SippitySup

Buttermilk Soup: Guilt by Association

Chicken and Cornbread Buttermilk Soup

If you made biscuits this week (and I hope you did) I bet you bought buttermilk. I also bet that the extra, unused buttermilk you bought smirks and winks at you every time you open the refrigerator. Who buys a quart of buttermilk just to use a cup or two in a single recipe? Well, the answer is we all do. I’ve never seen it sold in smaller cartons. But we don’t have to waste the chortling remnants. Buttermilk is as versatile as milk, cream, or butter. Try it instead of Greek yogurt in your morning smoothy. Same tang, fewer calories. How about buttermilk soup or buttermilk sauce? Where you once reached for butter or cream choose buttermilk instead.

Are you surprised by my assertions on the virtues of buttermilk? Did you assume that buttermilk is laden with fat and calories because of its first two syllables? Did you think that because buttermilk shows its milky white smile in a variety of rich comfort foods that buttermilk must be guilty by association? Well, check the package. In most markets, the only buttermilk available is low-fat buttermilk. Or maybe you’re surprised I care about the calories per ounce.

Well, I don’t (really). It’s the comfort food aspect of buttermilk that I want to discuss. From syrupy buttermilk pancakes to garlicky buttermilk mashed potatoes. The tang of buttermilk is a fitting foil to super-sweet treats and extra-rich savories. Baked goods particularly shine when buttermilk is used. Its acidity – when set off with a good pinch of baking soda – gives cakes and such a sturdy rise and light, open crumb.

Buttermilk also makes a great marinade for lean protein. Southern cooks use buttermilk as a brine for fried chicken. I use the same brine for baked and grilled chicken too. Many folks will say that the acids in buttermilk and yogurt tenderize the meat, which is a simplistic way of explaining what actually happens. You see, the lactic acid in dairy products trigger “aging” enzymes within the meat, which loosen the proteins that bind muscle fibers together. It breaks them down. Much the way that too many reps at the gym activates enzymes in our own bodies that lead to that day after muscle-ache we all know and hate.

Buttermilk in Buttermilk Soup

Chicken and Cornbread Buttermilk Soup

But there I go again. Calories. Enzymes. Proteins. What I really want to discuss is Chicken and Cornbread Buttermilk Soup. An unusual combination that’s all at once rich and sharp. A perfect example of how simple, even rustic, ingredients can be creatively combined with elegant results. A bowlful is sure to satisfy your hunger in a deeply soulful way. For me, the best comfort food comes from the Southern United States. This is a recipe I adapted from John Fleer. A no-chicken version is often found on the menu of his restaurant Rhubarb in Asheville, NC. It’s based on the simple Southern tradition of eating day-old cornbread crumbled into a glass of milk.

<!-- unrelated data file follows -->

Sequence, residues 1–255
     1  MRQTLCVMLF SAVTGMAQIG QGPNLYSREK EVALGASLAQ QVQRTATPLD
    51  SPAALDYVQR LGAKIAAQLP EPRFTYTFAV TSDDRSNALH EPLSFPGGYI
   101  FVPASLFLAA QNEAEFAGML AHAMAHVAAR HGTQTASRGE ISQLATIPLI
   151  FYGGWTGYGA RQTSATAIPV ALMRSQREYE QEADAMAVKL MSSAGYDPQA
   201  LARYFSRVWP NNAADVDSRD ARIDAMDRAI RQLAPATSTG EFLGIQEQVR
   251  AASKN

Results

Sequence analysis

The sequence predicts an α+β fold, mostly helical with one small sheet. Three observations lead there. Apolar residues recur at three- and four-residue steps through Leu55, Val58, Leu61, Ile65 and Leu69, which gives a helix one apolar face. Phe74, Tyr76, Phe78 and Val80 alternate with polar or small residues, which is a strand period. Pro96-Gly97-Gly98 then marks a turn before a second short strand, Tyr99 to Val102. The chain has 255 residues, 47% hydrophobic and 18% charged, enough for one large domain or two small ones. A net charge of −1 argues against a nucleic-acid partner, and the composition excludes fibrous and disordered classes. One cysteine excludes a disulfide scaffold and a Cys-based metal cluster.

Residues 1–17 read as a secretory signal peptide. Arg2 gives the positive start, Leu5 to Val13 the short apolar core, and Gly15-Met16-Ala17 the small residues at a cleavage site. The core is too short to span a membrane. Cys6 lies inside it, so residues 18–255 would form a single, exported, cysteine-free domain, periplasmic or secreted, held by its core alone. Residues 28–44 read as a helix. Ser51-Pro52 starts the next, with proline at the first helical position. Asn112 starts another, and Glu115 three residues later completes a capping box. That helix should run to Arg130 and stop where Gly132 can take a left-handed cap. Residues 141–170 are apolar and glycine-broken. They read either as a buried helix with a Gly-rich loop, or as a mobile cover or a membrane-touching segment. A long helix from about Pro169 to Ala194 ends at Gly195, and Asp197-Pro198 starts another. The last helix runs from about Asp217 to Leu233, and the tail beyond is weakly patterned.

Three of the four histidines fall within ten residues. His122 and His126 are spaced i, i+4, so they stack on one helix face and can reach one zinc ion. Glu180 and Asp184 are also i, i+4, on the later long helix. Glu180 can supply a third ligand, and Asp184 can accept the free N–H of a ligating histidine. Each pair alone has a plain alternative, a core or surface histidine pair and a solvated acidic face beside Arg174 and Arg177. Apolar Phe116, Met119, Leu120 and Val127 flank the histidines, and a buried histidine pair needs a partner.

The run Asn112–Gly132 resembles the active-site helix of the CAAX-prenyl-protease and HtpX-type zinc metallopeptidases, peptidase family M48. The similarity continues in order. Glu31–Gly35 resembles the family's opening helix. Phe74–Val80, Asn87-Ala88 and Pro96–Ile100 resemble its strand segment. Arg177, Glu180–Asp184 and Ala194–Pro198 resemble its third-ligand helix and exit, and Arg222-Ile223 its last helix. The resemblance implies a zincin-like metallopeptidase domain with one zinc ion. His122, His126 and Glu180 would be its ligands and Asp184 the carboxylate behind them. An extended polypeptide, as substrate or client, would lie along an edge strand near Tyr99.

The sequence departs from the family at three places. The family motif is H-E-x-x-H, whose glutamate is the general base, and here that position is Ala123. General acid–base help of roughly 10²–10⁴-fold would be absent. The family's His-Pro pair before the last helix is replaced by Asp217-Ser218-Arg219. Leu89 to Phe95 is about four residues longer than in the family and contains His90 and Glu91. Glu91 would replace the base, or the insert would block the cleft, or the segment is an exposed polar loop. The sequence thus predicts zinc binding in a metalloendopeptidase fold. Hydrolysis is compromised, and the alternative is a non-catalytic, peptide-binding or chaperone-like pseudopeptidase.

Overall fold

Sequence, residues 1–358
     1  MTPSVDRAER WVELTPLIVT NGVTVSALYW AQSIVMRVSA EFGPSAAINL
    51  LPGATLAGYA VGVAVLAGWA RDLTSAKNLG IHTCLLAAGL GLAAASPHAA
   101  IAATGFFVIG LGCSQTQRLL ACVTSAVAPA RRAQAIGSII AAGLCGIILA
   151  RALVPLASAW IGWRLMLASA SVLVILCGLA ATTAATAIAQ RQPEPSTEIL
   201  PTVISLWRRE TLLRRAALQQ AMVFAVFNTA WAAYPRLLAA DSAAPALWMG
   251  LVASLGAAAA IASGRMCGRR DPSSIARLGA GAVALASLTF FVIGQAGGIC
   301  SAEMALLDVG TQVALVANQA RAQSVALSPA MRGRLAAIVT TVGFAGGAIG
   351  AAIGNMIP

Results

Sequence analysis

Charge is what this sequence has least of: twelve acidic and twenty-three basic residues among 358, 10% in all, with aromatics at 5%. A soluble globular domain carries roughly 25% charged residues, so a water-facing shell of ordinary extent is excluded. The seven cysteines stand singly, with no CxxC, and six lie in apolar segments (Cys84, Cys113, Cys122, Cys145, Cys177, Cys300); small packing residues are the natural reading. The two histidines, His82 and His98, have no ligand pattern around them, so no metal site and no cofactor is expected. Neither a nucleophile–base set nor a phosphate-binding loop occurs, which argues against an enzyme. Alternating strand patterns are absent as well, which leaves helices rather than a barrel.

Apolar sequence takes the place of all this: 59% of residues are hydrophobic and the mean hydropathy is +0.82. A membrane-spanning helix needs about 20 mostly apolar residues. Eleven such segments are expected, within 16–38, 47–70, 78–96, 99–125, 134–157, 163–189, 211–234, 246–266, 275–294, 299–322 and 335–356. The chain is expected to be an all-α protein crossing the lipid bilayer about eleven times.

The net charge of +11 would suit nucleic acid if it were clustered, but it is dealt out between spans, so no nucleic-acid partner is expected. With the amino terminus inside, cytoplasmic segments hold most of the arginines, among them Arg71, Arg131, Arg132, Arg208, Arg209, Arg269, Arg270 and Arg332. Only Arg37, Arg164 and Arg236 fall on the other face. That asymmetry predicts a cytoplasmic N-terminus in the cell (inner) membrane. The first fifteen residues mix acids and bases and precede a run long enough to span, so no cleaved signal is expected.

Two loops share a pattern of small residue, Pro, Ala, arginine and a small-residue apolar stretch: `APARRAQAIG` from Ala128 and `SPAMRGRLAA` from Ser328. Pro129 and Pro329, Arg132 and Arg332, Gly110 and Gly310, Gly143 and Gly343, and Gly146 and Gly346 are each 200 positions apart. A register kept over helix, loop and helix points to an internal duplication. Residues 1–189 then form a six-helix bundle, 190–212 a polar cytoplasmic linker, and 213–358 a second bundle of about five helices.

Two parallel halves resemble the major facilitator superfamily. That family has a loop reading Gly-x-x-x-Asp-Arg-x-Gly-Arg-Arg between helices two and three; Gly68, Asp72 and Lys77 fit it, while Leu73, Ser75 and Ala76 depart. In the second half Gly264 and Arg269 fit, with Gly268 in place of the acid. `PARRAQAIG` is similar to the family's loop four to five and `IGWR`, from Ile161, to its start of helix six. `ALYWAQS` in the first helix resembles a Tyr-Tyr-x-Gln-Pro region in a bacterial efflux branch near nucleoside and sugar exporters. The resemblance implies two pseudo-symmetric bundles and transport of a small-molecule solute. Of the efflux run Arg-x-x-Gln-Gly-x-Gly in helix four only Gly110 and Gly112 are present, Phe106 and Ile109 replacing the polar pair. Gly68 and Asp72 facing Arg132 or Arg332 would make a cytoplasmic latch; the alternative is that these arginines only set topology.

So go ahead and buy that carton of buttermilk. Use a bit in the biscuits or pancakes you love. Then send the rest to the buttermilk soup pot. GREG

Chicken and Cornbread Buttermilk Soup

Chicken and Cornbread Buttermilk Soup

Print This Recipe Total time Yield 4Source Adapted from John Fleer, Rhubarb restaurant Ashville, NCPublished

This soup is also good served chilled.

Chicken and Cornbread Buttermilk Soup

Ingredients

  • 1 boneless, skinless chicken breast half
  • 3½ cup chicken broth (or as needed)
  • vegetable oil (or other mild flavored oil)
  • ½ cup chopped leeks (white parts only)
  • ½ cup chopped celery
  • ¼ teaspoon minced garlic
  • ½ cup crumbled, day-old cornbread (do not use cornbread sweetened with sugar) plus more as garnish
  • 1 cup buttermilk (full fat, if possible)
  • 3 tablespoon heavy cream
  • kosher salt (to taste)
  • freshly cracked black pepper (to taste)

Directions

Bring chicken and broth to a boil in a saucepan, the breast should be completely submerged if not, use a smaller pan or more broth. Lower the heat to simmer and cook, skimming the foam and scum that comes to the top, 8 to 10 minutes or until done. Drain, reserving broth. Let chicken cool, then shred or chop the chicken. Set aside.

Set a medium soup pot or Dutch oven over medium heat and add enough oil to coat the bottom. Heat the oil for a minute and then stir in the leeks and celery; reduce the heat to medium-low and cook, stirring often, for about 5 minutes or until the vegetables become lightly translucent without coloring. Add the garlic and cook for another minute, then add 2 ½ cups broth and ½ cup crumbled cornbread; cook (uncovered) for 15 minutes. Remove from the heat.

Combine the buttermilk and heavy cream in a heatproof mixing bowl. Gradually pour in the hot broth mixture, stirring constantly. Puree the soup in a blender or with an immersion (stick) blender until smooth. Taste, and season with salt and pepper as needed. If the soup is too thick for your liking, add a touch of remaining broth.

Return the soup to the pot; add the shredded chicken and gently cook over low heat just until warmed through. Be sure to reheat slowly to keep the buttermilk from separating.

Serve with an additional sprinkle of crumbled cornbread on top.

Save

Save

Save

Save